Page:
The object was not yet visible during the day, but we could feel it above us as we woke to the sunlight each morning: there was a tension and strain to the air, a shift in its customary balance. When we stepped from our houses to go to work, it was as if we were walking through a new sort of gravity, harder and stronger, not so yielding.

As for Melissa, she spent several weeks pacing the house from room to room. I watched her fall into a deep abstraction. She had cried into her pillow the night of Joshua's birthday, shrinking away from me beneath the blankets. "I just need to sleep," she said, as I sat above her and rested my hand on her side. "Please. Lie down. Stop hovering." I soaked a washcloth for her in the cold water of the bathroom sink, folding it into quarters and leaving it on her nightstand in a porcelain bowl.

The next morning, when I found her in the kitchen, she was gathering a coffee filter into a little wet sachet. "Are you feeling better?" I asked.

"I'm fine." She pressed the foot lever of the trash can, and its lid popped open with a rustle of plastic.

"Is it Joshua?"

Melissa stopped short, holding the pouch of coffee in her outstretched hand. "What's wrong with Joshua?" she said. There was a note of concern in her voice.

"He's seven now," I told her. When she didn't respond, I continued with, "You don't look a day older than when we met, honey. You know that, don't you?"

She gave a puff of air through her nose—this was a laugh, but I couldn't tell what she meant to express by it, bitterness or judgment or some kind of easy cheer. "It's not Joshua," she said, and dumped the coffee into the trash can. "But thanks all the same."

It was the beginning of July before she began to ease back into the life of our family. By this time, the object in the sky was large enough to eclipse the full moon. Our friends insisted that they had never been able to see any change in my wife at all, that she had the same style of speaking, the same habits and twists and eccentricities as ever. This was, in a certain sense, true. I noticed the difference chiefly when we were alone together.

After we had put Joshua to bed, we would sit with one another in the living room, and when I asked her a question, or when the telephone rang, there was always a certain brittleness to her, a hesitancy of manner that suggested she was hearing the world from across a divide. It was clear to me at such times that she had taken herself elsewhere, that she had constructed a shelter from the wood and clay and stone of her most intimate thoughts and stepped inside, shutting the door. The only question was whether the person I saw tinkering at the window was opening the latches or sealing the cracks.

One Saturday morning, Joshua asked me to take him to the library for a story reading. It was almost noon, and the sun was just beginning to darken at its zenith. Each day, the shadows of our bodies would shrink toward us from the west, vanish briefly in the midday soot, and stretch away into the east, falling off the edge of the world. I wondered sometimes if I would ever see my reflection pooled at my feet again. "Can Bobby come, too?" Joshua asked as I tightened my shoes.

I nodded, pulling the laces up in a series of butterfly loops. "Why don't you run over and get him," I said, and he sprinted off down the hallway.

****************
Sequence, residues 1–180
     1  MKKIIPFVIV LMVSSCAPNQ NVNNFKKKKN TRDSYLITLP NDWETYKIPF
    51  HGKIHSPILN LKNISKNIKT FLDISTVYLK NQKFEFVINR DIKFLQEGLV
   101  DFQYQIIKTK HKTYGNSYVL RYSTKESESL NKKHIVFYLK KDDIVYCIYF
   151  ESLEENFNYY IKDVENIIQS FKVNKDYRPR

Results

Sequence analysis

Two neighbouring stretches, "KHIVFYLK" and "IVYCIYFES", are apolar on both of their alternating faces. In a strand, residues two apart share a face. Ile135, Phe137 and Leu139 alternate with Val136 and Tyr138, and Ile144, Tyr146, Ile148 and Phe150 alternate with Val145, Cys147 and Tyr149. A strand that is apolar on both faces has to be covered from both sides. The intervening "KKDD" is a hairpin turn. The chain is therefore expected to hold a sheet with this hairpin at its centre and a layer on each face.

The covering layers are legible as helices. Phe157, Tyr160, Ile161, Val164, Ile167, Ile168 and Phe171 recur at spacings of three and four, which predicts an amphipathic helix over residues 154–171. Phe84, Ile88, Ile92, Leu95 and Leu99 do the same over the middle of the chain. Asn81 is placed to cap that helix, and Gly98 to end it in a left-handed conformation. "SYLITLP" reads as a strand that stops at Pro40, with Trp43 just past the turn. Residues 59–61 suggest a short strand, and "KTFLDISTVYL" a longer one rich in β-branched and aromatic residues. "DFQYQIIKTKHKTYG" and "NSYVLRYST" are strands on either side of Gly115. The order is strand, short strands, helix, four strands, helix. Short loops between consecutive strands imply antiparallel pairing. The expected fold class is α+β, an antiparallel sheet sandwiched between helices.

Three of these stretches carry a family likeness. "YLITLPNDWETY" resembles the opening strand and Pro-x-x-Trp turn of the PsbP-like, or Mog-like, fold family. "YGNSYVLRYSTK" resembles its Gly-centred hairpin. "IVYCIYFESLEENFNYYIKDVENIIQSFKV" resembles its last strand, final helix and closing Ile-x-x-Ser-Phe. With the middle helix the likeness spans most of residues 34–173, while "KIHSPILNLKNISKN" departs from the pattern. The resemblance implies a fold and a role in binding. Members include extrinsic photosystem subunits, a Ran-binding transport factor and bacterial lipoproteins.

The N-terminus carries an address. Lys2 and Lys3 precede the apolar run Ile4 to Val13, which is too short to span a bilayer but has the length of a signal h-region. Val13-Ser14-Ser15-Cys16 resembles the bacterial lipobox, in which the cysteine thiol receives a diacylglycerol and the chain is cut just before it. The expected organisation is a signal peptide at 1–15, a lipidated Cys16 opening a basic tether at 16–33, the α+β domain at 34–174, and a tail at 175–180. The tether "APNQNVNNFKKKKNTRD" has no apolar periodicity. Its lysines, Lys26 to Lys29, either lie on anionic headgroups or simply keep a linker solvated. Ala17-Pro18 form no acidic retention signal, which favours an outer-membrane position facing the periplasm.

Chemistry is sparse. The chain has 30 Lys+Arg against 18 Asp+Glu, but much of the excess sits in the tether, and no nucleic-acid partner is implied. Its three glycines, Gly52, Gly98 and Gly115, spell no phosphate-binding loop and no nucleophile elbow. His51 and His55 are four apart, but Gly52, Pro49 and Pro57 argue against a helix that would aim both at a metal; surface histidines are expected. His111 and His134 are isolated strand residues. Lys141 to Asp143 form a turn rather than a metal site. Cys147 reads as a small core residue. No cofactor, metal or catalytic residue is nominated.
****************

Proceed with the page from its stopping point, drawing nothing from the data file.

Melissa was sitting on the front porch steps, and I knelt down beside her as I left. "I'm taking the boys into town," I said. I kissed her cheek and rubbed the base of her neck, felt the cirrus curls of hair there moving back and forth through my fingers.

"Shh." She held a hand out to silence me. "Listen."

The insects had begun to sing, the birds to fall quiet. The air gradually became filled with a peaceful chirring noise.

"What are we listening for?" I whispered.

Melissa bowed her head for a moment, as if she were trying to keep count of something. Then she looked up at me. In answer, and with a sort of weariness about her, she spread her arms open to the world.

Before I stood to leave, she asked me a question; "We're not all that much alike, are we?" she said.

The plaza outside the library was paved with red brick. Dogwood trees were planted in hollows along the perimeter, and benches of distressed metal stood here and there on concrete pads. A member of a local guerrilla theater troupe was delivering a recitation from beneath a streetlamp; she sat behind a wooden desk, her hands folded one atop the other, and spoke as if into a camera. "Where did this object come from?" she said. "What is it, and when will it stop its descent? How did we find ourselves in this place? Where do we go from here? Scientists are baffled. In an interview with this station, Dr. Stephen Mandruzzato, head of the prestigious Horton Institute of Astronomical Studies, had this to say: 'We don't know. We don't know. We just don't know.' " I led Joshua and Bobby Nauman through the heavy dark glass doors of the library, and we took our seats in the Children's Reading Room. The tables were set low to the ground so that my legs pressed flat against the underside, and the air carried that peculiar, sweetened-milk smell of public libraries and elementary schools. Bobby Nauman began to play the Where Am I? game with Joshua. "Where am I?" he would ask, and then he'd warm-and-cold Joshua around the room until Joshua had found him. First he was in a potted plant, then on my shirt collar, then beneath the baffles of an air vent. After a time, the man who was to read to us moved into place. He said hello to the children, coughed his throat clear, and opened his book to the title page: "Chicken Little," he began.